Nothing Is True? The Credibility of News and Conflicting Narratives during “Information War” in Ukraine

Joanna Szostek

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In international politics, the strategic narratives of different governments compete for public attention and support. The Russian government’s narrative has prompted Western concern due to fears that it exerts a destabilising effect on societies in Eastern Europe and elsewhere. However, the behaviour and thought processes of news consumers targeted by contradictory strategic narratives are rarely subjected to analysis. This paper examines how Ukrainian news consumers decide where to get their news and what to believe in a media environment where ‘propaganda’ and ‘disinformation’ are regarded as major threats to national security. Data come from 30 audio-diaries and in-depth interviews conducted in 2016 among adult residents of Odesa Region. Through qualitative analysis of the diary and interview transcripts, the paper reveals how participants judged the credibility of news and narratives based on their priorities (what they considered important), not just ‘facts’ (what they believed had happened). The attribution of importance to different foreign policy issues was associated, in turn, with varying personal experiences, memories and individual cross-border relationships.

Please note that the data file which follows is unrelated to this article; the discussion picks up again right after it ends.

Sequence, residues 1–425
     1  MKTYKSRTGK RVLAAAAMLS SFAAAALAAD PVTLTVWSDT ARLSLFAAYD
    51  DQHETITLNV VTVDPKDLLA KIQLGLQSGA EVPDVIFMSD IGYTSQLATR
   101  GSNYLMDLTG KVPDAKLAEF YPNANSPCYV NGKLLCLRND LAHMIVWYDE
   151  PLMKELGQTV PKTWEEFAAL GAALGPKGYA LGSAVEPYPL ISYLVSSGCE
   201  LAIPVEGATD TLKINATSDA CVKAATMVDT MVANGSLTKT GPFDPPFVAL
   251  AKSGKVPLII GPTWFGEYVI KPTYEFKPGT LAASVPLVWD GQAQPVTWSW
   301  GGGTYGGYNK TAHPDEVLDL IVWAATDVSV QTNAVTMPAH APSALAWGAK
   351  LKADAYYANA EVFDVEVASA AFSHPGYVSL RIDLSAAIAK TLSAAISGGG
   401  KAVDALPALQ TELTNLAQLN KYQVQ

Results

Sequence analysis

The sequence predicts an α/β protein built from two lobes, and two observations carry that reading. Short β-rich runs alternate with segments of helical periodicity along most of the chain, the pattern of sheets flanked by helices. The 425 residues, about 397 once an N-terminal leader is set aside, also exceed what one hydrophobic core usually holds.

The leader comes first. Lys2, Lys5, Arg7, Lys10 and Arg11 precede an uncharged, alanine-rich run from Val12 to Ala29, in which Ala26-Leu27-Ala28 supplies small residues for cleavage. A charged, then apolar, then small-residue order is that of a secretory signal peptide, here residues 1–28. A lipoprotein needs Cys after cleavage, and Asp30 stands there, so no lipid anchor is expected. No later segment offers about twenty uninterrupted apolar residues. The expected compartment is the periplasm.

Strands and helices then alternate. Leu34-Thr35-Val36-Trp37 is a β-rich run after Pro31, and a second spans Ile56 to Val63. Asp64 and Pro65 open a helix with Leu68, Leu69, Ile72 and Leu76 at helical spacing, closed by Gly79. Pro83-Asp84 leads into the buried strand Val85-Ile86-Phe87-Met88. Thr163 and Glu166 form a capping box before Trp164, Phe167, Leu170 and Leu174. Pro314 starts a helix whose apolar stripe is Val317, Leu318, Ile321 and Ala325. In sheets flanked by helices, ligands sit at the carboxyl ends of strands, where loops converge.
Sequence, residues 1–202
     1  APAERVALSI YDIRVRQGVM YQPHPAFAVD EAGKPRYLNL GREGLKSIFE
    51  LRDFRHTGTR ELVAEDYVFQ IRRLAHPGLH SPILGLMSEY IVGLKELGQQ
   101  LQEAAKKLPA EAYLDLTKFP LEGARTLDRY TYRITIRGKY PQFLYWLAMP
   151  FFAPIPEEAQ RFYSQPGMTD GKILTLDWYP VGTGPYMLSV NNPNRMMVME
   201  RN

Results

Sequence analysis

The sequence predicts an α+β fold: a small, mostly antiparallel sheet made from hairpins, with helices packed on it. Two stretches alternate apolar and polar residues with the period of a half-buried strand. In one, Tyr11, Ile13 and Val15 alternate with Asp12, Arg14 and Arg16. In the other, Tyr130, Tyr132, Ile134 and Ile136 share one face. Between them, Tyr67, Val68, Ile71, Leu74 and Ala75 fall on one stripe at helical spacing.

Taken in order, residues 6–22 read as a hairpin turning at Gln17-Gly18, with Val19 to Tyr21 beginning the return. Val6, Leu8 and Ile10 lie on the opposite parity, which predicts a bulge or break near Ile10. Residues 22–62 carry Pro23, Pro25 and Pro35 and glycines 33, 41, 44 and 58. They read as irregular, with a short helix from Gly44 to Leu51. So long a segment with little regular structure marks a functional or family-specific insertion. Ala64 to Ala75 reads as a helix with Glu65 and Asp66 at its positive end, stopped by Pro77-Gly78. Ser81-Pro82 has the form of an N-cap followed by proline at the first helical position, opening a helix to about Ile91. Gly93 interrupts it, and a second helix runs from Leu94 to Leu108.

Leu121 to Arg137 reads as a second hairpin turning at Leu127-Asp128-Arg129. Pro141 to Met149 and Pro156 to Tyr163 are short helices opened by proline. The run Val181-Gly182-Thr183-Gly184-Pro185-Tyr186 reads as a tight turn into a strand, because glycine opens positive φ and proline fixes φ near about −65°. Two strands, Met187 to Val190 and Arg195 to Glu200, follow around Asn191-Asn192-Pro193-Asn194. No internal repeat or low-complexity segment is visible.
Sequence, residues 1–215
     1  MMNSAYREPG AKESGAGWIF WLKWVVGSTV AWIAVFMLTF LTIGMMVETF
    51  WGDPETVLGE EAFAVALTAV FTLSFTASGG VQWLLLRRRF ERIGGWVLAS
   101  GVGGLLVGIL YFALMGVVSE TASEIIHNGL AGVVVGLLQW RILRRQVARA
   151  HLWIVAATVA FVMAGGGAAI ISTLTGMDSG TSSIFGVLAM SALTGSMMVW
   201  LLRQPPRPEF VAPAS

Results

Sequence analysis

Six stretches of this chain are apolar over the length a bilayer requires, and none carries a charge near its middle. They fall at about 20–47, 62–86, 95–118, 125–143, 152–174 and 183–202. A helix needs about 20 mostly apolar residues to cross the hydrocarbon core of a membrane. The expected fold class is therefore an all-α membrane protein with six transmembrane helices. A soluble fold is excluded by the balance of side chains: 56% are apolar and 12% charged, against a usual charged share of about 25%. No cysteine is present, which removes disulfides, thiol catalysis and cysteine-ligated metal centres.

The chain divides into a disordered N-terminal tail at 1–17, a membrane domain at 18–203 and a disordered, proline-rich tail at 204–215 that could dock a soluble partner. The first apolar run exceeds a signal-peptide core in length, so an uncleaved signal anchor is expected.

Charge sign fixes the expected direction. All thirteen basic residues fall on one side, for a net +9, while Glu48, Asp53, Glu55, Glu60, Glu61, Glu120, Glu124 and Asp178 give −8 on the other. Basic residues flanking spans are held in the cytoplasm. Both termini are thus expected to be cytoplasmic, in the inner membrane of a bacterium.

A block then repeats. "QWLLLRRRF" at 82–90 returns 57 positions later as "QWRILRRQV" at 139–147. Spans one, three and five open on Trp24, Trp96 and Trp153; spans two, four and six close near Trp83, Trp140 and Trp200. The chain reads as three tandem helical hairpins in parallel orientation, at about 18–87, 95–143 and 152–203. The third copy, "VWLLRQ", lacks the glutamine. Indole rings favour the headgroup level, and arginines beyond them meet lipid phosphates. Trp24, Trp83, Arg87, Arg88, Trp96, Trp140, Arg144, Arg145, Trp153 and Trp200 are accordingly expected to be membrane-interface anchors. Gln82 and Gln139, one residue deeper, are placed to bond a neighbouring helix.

Original languageEnglish
Pages (from-to)116-135
Number of pages20
JournalInternational Journal of Press/Politics
Issue number1
Early online date29 Nov 2017
Publication statusPublished - 1 Jan 2018

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